Do you work the same job as one of your parents? How about your grandparents? Maybe even their parents? One dairy family in Norwood Young America has been a dairy family for four generations. And soon, guests of the arver County Fair will be seeing them show off some of their prized cows.
Dennis and Lynette Feltmann have been NYA residents their entire lives, with Mr. Feltmann’s family having the farm since his grandfather’s time. They purchased the farm in 1978 from his father. Now his and Mrs. Feltmann’s sons are working on the farm as well with their own children, keeping the family tradition alive four generations strong. And while the farm is still mainly a dairy farm, it’s grown from something small to something a little bigger.
“When Dennis and I took over, we were milking 52 cows,” said Mrs. Feltmann. “Now we’re over 200.”
The farm originally started with about 20 cows, so in the time it’s taken to get to 2019, the farm has over ten times the amount of animals than before. But the increase certainly didn’t make it any less appealing for the Feltmanns and their children. In fact, now each child has their own area of work, and even the current set of grandkids are involved with harvesting crops or taking care of the animals.
“Once all the boys graduated and all that, they all had a chance to work off the farm,” said Mrs. Feltmann. “But they all wanted to farm.”
Chris, the middle son, is usually seen with the crops, whether harvesting, planting, or fertilizing to keep everything in check while also feeding calves. Chad and Corey, the oldest and youngest sons, do pretty much everything cow-related; feeding, milking, breeding, cleaning, you name a cow-related chore, those two are probably doing it. And their wives are involved as well. Heather, Chris’s wife, frequently helps with the calves and runs errands.
And it’s definitely not easy work. Mrs. Feltmann worked on the farm with her husband and family until her oldest son, Chad, was in high school. She then started working a job outside of farming as a form of insurance. Even now, though, she and Mr. Feltmann will lend a hand where and when they can.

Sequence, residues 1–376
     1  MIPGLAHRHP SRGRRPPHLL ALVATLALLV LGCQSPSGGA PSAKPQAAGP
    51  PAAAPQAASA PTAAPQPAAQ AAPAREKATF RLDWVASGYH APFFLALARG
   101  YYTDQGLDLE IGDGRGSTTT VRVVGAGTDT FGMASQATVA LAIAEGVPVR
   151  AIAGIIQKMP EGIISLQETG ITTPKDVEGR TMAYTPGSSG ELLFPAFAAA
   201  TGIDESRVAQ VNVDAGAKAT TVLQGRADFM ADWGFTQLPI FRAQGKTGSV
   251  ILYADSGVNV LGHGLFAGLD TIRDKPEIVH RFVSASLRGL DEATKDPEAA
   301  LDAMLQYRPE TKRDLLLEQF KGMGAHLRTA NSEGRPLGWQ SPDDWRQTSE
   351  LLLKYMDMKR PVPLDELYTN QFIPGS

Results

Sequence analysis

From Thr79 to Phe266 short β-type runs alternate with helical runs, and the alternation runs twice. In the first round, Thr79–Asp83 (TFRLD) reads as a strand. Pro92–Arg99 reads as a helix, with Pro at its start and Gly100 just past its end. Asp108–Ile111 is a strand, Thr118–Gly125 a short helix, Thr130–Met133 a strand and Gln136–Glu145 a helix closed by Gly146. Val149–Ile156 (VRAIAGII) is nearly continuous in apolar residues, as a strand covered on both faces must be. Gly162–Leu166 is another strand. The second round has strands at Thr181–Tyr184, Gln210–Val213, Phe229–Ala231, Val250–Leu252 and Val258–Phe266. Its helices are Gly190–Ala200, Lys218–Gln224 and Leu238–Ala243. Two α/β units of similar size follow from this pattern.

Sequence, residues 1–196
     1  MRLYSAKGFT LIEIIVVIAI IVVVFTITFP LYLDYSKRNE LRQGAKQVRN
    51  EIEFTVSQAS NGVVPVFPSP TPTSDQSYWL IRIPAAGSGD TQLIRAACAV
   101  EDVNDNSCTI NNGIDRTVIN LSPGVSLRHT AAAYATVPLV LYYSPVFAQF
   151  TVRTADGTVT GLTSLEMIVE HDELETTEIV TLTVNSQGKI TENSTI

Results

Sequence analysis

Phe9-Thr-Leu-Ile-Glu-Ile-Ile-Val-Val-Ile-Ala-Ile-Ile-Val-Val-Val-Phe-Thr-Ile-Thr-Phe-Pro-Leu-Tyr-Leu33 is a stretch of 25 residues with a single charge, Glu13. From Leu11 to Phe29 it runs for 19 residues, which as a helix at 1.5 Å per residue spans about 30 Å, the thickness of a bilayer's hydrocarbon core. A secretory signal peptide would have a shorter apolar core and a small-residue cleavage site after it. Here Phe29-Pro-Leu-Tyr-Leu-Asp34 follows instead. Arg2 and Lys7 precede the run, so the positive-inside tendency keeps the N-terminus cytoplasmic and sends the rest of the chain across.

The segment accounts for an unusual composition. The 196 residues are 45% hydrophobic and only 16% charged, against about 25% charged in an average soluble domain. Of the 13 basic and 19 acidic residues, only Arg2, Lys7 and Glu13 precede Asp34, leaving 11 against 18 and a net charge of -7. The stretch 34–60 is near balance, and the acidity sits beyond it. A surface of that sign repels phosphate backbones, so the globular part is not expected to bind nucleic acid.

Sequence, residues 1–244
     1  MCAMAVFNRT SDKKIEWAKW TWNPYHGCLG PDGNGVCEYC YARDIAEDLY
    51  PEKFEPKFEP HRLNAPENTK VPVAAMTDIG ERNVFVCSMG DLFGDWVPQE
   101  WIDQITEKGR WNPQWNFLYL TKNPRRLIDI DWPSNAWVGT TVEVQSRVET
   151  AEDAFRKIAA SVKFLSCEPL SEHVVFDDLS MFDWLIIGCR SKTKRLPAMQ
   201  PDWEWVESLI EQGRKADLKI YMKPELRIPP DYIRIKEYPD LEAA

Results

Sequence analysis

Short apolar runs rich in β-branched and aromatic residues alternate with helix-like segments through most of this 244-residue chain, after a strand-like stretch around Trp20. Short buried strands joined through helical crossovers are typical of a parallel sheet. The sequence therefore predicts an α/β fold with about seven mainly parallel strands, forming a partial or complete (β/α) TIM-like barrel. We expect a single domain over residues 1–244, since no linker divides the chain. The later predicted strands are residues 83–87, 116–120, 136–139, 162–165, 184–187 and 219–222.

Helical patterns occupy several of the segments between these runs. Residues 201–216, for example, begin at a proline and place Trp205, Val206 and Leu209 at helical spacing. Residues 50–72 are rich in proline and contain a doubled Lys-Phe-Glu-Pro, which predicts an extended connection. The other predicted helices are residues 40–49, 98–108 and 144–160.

“There’s no lack of work, that’s for sure,” she said. “There’s never usually a dull moment.”
Mrs. Feltmann runs the books (and is the boss if you ask Mr. Feltmann) while Mr. Feltmann does the morning milking and field work. It’s not hard to see why Mrs. Feltmann says there’s never a dull moment. But both stated that some of the physical work is no longer possible for them because of their age, so it’s a big relief to have help around.
While there have been some struggles, such as this spring, the Feltmanns have kept everything together. Nationally speaking, there’s a pretty serious issue in the dairy business with prices, and smaller farms are struggling to keep everything together. Flooding from this spring’s rains washed away acres worth of crops. While it didn’t happen to everyone, there’s no denying that many farmers had a rough year. As for how the Feltmanns kept going, it’s a mix of experience and perseverance.
“You just try to make ends meet, and sometimes you have to make cuts on things,” said Mrs. Feltmanns. “We just try to keep paying the bills. Hopefully the prices will come back.”
As for what’s the most rewarding aspect of this long-lived family farm, it’s best summed up by the patriarch.
“To see the younger generation grow up,” said Mr. Feltmann.
During the summer when the grandkids are out of school, the farm is also their daycare, according to Mrs. Feltmann. All of them are helping out in some way, and already most of them are involved with 4-H or the FFA in NYA. And all of them join in for the County Fair.
As far as the future, the boys are partners with their parents, and will keep the farm going. What their children will do yet is unclear, as the kids are still young. But a farm that’s been around for four generations isn’t likely to disappear, especially if a family that loves it as much as the Feltmanns keep it.
“Chris has always really liked working in the fields and Chad and Corey always loved animals,” said Mrs. Feltmann. “And all the other kids love coming out and seeing the animals and helping out.”
Speaking of the Fair, the Feltmanns will be there showing off their prized cows, roughly 20 from their herd. Some of them will be adults, some calves, some yearlings, but they are all special in some way. What goes into choosing a cow is left more to the sons, according to Mrs. Feltmann, but cows are rated on how straight their spines are, how their legs look, and their udders. They will be down at the far end of the dairy barn at the fair on Thursday and Friday of the County fair.